- Establishing and sharing best practices,
- Exploring policies or programs to improve teaching and learning,
- Traveling to conferences or professional development institutes,
- Conducting and publishing research,
- Leading workshops or webinars that promote professional and/or scholarly development, and/or
Undertaking other activities as desired.
Since the inception in 2017 of SIGs, UNCP faculty, staff, and students have collaborated in these areas:
- Faculty who taught BIO 1000: Principles of Biology remapped course syllabi, adopted new learning goals and objectives, and shared teaching activities; TLC HAWK Assistant Wanya Ward, a Biology major and member of the SIG, presented related research, "Co-Teaching in Higher Education: A Student's Perspective," at the 2019 international conference of POD Network.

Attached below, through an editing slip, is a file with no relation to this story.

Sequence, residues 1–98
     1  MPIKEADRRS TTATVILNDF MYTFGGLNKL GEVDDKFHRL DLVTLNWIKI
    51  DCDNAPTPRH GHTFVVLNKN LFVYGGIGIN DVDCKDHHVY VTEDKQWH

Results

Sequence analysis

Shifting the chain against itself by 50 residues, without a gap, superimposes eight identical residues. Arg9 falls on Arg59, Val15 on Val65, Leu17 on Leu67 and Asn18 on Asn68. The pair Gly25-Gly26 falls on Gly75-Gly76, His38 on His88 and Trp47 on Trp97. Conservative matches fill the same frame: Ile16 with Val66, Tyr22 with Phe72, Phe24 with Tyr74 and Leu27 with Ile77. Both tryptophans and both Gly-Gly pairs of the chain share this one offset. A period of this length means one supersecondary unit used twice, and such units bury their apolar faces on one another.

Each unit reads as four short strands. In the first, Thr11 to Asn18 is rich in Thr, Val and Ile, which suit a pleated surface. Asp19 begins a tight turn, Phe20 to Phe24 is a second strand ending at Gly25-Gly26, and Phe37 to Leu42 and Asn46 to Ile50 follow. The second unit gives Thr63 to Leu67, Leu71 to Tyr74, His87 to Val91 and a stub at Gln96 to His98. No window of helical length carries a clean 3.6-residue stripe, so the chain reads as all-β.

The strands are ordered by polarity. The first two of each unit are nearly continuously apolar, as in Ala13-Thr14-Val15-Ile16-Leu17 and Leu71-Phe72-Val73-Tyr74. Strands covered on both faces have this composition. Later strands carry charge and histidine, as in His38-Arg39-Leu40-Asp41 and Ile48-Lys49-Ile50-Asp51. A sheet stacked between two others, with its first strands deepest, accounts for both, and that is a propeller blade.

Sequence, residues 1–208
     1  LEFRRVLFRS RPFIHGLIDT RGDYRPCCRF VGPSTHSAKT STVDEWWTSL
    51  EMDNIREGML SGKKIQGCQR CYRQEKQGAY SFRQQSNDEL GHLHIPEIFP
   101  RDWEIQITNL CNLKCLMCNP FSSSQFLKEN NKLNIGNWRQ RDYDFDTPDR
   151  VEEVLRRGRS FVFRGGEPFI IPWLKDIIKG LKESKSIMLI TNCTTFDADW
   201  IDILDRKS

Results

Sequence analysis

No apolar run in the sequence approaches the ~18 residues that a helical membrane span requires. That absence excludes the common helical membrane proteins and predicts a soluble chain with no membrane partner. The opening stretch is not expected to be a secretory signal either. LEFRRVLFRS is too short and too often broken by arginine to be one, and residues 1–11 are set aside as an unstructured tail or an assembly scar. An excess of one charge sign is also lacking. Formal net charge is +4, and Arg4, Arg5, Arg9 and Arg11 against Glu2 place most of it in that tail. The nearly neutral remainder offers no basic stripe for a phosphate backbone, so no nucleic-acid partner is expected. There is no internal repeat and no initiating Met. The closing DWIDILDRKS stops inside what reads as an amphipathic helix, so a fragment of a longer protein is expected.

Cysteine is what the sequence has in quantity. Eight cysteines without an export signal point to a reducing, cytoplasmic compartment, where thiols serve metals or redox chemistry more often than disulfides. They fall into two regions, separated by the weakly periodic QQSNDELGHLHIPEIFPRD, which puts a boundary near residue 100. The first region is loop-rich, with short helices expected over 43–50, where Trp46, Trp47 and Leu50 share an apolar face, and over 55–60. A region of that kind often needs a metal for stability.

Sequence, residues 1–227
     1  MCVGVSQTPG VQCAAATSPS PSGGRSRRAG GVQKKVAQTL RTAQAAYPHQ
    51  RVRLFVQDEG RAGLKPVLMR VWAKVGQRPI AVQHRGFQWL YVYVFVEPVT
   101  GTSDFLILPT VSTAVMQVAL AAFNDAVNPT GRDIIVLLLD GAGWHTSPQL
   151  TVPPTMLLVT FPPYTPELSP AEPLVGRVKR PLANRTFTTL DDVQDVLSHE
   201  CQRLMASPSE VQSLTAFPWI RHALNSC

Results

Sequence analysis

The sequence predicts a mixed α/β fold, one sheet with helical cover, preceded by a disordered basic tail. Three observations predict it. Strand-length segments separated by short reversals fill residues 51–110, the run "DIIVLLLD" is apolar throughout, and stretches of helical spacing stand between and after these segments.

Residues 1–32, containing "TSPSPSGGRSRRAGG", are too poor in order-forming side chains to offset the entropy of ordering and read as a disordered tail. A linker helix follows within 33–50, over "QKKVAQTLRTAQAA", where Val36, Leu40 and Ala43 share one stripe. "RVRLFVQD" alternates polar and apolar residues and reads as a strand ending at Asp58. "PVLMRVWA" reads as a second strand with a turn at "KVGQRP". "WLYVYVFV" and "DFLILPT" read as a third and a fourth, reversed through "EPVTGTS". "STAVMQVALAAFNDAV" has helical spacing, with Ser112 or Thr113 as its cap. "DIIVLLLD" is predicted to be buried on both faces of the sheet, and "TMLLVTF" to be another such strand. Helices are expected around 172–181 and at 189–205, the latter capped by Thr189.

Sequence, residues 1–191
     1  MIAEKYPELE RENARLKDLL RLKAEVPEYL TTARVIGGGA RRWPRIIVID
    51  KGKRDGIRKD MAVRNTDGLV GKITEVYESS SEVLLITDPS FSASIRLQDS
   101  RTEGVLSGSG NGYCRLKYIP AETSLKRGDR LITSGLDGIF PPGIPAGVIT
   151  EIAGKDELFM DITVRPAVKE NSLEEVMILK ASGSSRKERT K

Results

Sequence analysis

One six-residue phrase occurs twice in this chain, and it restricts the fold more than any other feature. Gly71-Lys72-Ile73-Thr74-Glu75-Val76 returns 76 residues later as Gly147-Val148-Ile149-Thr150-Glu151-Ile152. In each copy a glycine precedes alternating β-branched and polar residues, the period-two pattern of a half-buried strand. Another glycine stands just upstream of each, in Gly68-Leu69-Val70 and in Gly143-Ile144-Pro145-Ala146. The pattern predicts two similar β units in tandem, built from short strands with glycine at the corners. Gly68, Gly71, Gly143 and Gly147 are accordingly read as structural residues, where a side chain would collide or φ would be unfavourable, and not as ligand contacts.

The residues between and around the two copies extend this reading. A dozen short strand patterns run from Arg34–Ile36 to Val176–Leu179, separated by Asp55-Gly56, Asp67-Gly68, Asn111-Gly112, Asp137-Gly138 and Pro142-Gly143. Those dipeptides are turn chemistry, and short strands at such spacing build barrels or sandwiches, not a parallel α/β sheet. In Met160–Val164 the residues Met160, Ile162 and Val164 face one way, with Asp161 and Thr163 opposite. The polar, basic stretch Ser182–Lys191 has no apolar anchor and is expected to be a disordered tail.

- Faculty in American Indian Studies, Biology, and Nursing collaborated to engage students in multidisciplinary explorations of food sovereignty, featuring classroom lectures and guest speakers and engaging participating faculty in conference presentations and co-written scholarship for publication.
During AY2020-2021, SIGs will address issues of culturally responsive teaching and learning, globalizing the curriculum, teaching and learning in Honors, and working-class and first-generation students.
|SIG Focus and Convener(s)||What the SIG Has Accomplished||What the SIG Plans to Accomplish|
|Culturally Competent & Responsive Teaching and Learning, convened by Camille Goins (firstname.lastname@example.org) and Leslie Locklear (email@example.com)|